The decision still won't come for months.
But Tennessee is doing everything it can to stockpile information to help make it.
The Vols hardly waste a second in drills with the quarterbacks, firing passes in rapid order and packing in as many reps as they can. And with at least one day off between each practice, UT also isn't really bothering keeping track of how many that might be.
The coaching staff doesn't have a pitch count on anybody trying to take over the Vols offense, which not only provides plenty to evaluate but also gives the quarterbacks a few more shots to present their case side-by-side.
"(Offensive coordinator Jim) Chaney's philosophy is that you're not going to get better (without throwing)," senior Nick Stephens said after Saturday's morning practice. "To get better, you have to throw a lot of balls. It's not more about talking, he said reps are what's going to get us better.
"He's staying on that game plan, and that's what we're doing. We're throwing a lot more every day, and I think that's going to help us out a lot. This is what we like to do."
Spring should be a blast for them then, because Chaney and new coach Derek Dooley could have a tough call to make this fall and they're not going to do it without seeing as many throws as possible.
The volume of attempts was considered fairly standard by Dooley's estimation on Saturday, so he hasn't necessarily gone out of his way to give Stephens, transfer Matt Simms or freshman Tyler Bray extra reps for the sake of accumulating film. But compared to practices last year, the tempo and chances to show off through the air both seemed higher.
"We'll keep modifying it and we'll evaluate it every day and keep modifying the reps, making sure everybody gets good opportunity," Dooley said. "It depends on the periods, but we try not to be out here too long. The only way you do that is to have a lot of reps, because you have to have a certain number of reps to have an effective practice.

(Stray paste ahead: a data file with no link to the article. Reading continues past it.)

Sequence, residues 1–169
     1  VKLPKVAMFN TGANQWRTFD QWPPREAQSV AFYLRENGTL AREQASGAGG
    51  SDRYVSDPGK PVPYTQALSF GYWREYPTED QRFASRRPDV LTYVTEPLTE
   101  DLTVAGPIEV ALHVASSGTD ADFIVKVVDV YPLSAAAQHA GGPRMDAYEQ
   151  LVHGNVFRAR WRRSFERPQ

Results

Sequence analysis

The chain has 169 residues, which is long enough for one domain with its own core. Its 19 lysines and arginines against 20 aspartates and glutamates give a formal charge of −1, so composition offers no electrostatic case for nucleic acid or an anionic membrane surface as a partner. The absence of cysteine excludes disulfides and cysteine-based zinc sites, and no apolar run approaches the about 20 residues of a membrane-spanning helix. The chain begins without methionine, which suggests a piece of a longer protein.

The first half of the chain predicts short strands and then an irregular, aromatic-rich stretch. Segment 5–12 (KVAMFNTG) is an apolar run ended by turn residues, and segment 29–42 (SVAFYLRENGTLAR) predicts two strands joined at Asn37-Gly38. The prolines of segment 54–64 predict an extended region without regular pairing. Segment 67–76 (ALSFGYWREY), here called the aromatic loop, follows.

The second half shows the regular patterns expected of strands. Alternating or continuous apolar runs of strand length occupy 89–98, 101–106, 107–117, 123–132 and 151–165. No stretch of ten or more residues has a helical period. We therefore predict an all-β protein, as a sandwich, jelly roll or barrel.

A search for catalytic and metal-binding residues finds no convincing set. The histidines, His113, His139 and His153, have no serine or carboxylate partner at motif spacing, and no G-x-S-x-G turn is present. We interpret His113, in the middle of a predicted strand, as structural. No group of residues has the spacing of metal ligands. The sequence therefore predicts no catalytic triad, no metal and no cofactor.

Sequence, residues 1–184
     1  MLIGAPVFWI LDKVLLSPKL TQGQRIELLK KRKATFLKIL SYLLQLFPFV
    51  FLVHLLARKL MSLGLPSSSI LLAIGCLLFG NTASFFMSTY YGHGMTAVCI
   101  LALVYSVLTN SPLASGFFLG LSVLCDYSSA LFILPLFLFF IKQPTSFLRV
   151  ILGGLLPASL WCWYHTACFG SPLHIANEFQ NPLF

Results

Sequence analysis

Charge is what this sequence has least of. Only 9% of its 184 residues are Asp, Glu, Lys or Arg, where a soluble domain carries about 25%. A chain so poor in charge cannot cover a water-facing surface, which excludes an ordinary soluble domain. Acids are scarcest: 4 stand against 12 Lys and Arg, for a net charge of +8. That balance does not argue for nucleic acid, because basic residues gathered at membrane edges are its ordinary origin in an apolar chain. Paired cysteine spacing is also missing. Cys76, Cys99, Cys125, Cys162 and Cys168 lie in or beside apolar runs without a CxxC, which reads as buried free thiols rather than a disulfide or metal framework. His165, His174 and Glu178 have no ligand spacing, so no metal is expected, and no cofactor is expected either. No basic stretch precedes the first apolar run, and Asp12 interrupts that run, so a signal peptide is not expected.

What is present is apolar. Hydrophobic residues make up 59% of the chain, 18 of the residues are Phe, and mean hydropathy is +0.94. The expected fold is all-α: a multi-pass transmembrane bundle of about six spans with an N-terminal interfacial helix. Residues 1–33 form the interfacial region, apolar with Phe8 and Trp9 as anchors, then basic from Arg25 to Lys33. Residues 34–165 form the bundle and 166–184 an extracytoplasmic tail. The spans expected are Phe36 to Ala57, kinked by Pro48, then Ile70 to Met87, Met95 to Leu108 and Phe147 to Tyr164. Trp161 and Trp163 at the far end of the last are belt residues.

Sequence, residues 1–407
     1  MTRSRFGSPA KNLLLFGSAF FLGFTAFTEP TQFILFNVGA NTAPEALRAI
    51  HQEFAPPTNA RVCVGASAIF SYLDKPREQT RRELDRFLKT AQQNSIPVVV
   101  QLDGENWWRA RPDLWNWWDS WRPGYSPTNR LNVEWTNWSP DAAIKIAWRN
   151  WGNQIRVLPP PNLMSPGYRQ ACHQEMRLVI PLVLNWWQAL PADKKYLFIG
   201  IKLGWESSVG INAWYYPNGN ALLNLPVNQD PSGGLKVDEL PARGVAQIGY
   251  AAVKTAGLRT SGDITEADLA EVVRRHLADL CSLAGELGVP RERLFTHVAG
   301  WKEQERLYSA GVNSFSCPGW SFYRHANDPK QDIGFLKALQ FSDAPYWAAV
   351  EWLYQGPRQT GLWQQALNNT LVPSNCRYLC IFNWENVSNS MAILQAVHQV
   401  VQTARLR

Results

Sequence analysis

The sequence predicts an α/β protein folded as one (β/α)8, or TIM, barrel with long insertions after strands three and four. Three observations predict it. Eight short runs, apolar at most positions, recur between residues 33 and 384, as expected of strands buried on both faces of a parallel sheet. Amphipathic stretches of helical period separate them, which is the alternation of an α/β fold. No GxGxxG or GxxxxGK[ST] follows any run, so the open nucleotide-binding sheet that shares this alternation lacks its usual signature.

"We try to operate at a pretty fast tempo when we can, some periods we slow it down, some we move pretty quickly."
Early in Dooley's second workout with UT, the latter was much more common.
The Vols worked through the roster quickly, taking snaps one after the other without much stopping for instruction. They often worked in tandem, throwing to opposite sides of the field as they checked off routes on the passing tree. At one point they even mirrored each other head-to-head during a session designed to work on the running game.
That portion won't really do much to determine the better passer, but it still helped hammer home the main message for the spring - every snap is being watched, and UT is trying to take the absolute maximum.
"We don't like handing the ball off," Stephens joked. "You know, as much as some people might not like to hear that, to come out here and do what we do, it's a blessing to be able to come out here and be healthy and throw as many balls as we do and not be sore like I thought I would.
"We're having a great time, and I think we're getting better at the same time."
The Vols would hardly want to limit either of those things for the quarterbacks. So for now, there's also no cap on their attempts.
Schedule: UT's first day in pads will be Tuesday. The Vols will practice in pads for the remainder of spring camp with the exception of one practice in shorts to tune up for the Orange and White Game on April 17.